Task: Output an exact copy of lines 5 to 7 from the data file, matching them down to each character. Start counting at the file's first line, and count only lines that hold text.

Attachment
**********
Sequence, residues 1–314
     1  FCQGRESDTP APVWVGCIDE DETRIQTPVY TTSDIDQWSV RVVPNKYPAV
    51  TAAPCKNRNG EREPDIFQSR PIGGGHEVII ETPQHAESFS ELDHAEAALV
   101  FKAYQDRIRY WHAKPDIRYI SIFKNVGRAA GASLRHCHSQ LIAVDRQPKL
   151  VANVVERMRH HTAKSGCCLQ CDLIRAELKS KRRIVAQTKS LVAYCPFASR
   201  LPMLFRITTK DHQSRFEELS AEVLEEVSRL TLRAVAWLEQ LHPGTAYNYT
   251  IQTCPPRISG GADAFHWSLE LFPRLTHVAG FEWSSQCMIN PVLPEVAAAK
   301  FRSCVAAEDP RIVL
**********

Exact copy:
   151  VANVVERMRH HTAKSGCCLQ CDLIRAELKS KRRIVAQTKS LVAYCPFASR
   201  LPMLFRITTK DHQSRFEELS AEVLEEVSRL TLRAVAWLEQ LHPGTAYNYT
   251  IQTCPPRISG GADAFHWSLE LFPRLTHVAG FEWSSQCMIN PVLPEVAAAK